”It's less than 48 hours. Oh my God!”
Just over 48 hours ago, 1800 fans (myself included) gathered at the Centre for Performing Arts for a Vancouver International Film Festival (Film and Television Forum) event called 'One Last Cook: A Special Evening With Breaking Bad Creator Vince Gilligan.' The sold out crowd was treated to a Q & A with the genius behind the Emmy winning drama moderated by LOST co-creator Damon Lindelof as well as a screening of Gilligan's favorite episode. Well, 'favorite' might not be completely accurate since those in attendance would learn over the course of the evening that the former X-Files writer (a series which called Vancouver home) isn't very fond of superlatives, but he did still select one installment of his creation to show the audience. It was "Face Off," a fantastic choice for several reasons, not the least of which is that the Season 4 finale is an impeccable 'hour' of television.
"Walt poisoned Brock. That's what that means."
The other reasons for selecting "Face Off" not only illustrate Vince Gilligan's genius but also, perhaps, his inability to (or justified disinterest in) pick(ing) a favorite Breaking Bad installment. I was actually surprised he went with one that he himself wrote and directed since Gilligan is known to be very generous with credit when discussing the show's brilliance, however, after watching the episode again it makes so much sense. What immediately follows the explosive fourth season finale? Well, the Season 5 premiere, obviously, and "Live Free Or Die" cold opened with the infamous flash-forward to Mr. Lambert having a birthday breakfast at Denny's while waiting to see a guy about a very big gun. So, pretty much right where last week's incredible "Granite Slate" left off and tonight's "Felina" could very well begin. Gilligan, you sly devil. And before the devil took the stage, Damon Lindelof did and was nice enough to explain to the audience what the final shot of the Lily of the Valley meant.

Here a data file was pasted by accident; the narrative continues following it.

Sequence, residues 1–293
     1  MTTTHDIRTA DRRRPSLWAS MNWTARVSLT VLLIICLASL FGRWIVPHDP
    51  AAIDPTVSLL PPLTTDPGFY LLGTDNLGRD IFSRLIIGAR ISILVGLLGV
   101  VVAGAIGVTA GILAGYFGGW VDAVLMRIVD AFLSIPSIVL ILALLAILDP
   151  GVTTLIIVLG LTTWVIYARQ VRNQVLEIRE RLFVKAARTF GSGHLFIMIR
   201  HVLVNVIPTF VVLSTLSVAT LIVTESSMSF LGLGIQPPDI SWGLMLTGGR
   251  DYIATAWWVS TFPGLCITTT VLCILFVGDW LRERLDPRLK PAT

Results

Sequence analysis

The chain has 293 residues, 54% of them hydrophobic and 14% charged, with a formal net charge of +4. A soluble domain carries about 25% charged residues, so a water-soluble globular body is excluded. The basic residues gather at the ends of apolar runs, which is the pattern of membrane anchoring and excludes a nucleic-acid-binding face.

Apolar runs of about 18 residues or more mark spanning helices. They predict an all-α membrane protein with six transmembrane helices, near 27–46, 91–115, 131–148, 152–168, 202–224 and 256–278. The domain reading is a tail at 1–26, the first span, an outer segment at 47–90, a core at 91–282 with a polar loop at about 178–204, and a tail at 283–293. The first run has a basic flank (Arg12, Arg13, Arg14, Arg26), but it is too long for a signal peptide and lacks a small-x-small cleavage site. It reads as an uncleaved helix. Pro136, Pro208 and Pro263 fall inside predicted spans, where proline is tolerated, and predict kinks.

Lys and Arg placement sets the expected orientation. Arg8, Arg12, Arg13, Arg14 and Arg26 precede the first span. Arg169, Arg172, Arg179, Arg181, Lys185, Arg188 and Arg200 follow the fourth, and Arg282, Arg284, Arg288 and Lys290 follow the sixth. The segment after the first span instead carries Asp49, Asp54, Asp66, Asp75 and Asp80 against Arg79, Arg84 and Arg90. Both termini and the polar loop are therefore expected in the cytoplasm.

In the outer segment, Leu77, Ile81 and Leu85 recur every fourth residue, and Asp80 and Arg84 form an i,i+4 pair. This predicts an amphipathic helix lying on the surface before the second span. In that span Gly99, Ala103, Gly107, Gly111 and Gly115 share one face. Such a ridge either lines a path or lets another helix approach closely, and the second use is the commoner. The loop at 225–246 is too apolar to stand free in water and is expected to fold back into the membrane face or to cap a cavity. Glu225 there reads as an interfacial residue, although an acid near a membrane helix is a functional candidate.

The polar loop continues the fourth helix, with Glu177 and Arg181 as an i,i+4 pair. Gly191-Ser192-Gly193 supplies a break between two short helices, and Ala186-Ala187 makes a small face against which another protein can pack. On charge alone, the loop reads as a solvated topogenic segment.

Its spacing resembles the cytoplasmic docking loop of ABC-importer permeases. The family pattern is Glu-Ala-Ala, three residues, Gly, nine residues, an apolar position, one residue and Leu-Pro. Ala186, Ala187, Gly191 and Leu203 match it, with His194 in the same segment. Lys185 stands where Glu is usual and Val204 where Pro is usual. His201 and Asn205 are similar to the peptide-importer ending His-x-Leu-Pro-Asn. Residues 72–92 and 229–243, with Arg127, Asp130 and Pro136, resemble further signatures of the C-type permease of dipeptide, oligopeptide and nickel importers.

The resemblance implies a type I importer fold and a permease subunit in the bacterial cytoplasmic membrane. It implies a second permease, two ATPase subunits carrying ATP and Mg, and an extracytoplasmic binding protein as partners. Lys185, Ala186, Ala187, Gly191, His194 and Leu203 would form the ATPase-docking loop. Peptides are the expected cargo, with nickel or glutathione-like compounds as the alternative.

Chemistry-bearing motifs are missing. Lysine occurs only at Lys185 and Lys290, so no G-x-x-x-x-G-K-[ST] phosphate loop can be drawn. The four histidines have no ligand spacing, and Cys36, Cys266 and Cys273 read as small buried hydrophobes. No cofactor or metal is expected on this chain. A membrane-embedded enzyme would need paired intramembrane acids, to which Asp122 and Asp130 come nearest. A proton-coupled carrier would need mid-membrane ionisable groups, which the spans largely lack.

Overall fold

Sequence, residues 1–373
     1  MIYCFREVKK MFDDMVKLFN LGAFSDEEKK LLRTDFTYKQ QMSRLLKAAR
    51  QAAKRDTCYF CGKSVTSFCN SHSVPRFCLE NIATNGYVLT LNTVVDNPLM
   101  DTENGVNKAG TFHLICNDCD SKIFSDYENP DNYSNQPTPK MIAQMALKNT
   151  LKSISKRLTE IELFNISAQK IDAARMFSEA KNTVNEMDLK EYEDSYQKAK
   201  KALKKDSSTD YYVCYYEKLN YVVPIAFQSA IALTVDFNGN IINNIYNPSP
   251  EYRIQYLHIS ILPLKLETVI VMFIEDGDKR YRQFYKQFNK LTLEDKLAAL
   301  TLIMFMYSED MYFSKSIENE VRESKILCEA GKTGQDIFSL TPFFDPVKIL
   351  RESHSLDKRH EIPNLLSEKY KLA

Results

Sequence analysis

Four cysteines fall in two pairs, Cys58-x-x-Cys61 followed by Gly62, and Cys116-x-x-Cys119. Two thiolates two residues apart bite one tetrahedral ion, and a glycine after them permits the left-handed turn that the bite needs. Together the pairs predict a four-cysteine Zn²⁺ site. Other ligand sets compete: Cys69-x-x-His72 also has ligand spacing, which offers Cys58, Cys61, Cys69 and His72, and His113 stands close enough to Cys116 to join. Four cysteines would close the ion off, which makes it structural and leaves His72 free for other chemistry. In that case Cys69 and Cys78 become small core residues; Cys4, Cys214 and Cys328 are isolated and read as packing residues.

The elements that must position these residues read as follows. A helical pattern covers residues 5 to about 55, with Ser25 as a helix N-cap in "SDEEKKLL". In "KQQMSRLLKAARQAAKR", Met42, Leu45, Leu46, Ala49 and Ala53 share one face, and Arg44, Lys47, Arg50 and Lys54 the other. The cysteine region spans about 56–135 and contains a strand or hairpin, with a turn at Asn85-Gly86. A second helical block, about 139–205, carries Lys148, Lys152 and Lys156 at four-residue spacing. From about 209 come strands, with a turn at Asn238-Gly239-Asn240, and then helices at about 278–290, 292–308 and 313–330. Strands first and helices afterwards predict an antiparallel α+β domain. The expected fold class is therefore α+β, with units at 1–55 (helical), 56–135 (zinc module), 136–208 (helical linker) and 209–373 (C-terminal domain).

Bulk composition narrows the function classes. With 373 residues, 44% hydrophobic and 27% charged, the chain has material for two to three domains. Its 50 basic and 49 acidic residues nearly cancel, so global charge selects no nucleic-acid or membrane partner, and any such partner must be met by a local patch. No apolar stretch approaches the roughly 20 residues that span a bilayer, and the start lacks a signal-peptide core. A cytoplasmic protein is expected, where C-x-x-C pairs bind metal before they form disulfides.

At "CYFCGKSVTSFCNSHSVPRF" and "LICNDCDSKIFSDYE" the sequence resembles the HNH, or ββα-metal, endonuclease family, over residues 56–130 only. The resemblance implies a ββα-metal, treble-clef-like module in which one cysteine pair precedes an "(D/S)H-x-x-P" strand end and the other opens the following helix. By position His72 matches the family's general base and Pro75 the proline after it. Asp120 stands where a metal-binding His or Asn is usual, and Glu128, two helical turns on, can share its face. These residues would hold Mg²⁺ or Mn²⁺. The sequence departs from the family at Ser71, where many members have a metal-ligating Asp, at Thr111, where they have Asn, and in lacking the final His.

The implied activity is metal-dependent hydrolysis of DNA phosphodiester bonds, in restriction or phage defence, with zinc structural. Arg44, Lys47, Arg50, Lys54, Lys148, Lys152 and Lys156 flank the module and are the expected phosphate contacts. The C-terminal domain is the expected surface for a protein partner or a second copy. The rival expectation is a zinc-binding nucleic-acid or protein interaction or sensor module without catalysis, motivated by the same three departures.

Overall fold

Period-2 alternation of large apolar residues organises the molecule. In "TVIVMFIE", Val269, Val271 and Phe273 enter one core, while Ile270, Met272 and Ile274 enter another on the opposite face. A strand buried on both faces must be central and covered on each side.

”Say hello to my little friend.”
Lindelof was a great moderator, well researched and very quick on his feet (as you can tell from the few quips I've highlighted throughout the article) while the guest of honor was clearly overwhelmed with the turnout and response. 'One Last Cook' was originally going to be held in the 420 seat Rio Theatre but it quickly became clear that the size of that venue wouldn't suffice and VIFF made the decision to move the event and ended up selling over four times that number. And watching "Face Off" with so many people was a pretty amazing experience and the capacity crowd gave Vince Gilligan a standing ovation when he was introduced. Lindelof quickly addressed the elephant in the room, the impending end of the series, and made it clear that he wouldn't be asking any questions about the finale. Except one. The moderator listed two things we know about Breaking Bad and "Felina" (the 'Mr. Chips to Scarface pitch and the M60) before inquiring if Heisenberg would utter the famous Tony Montana line?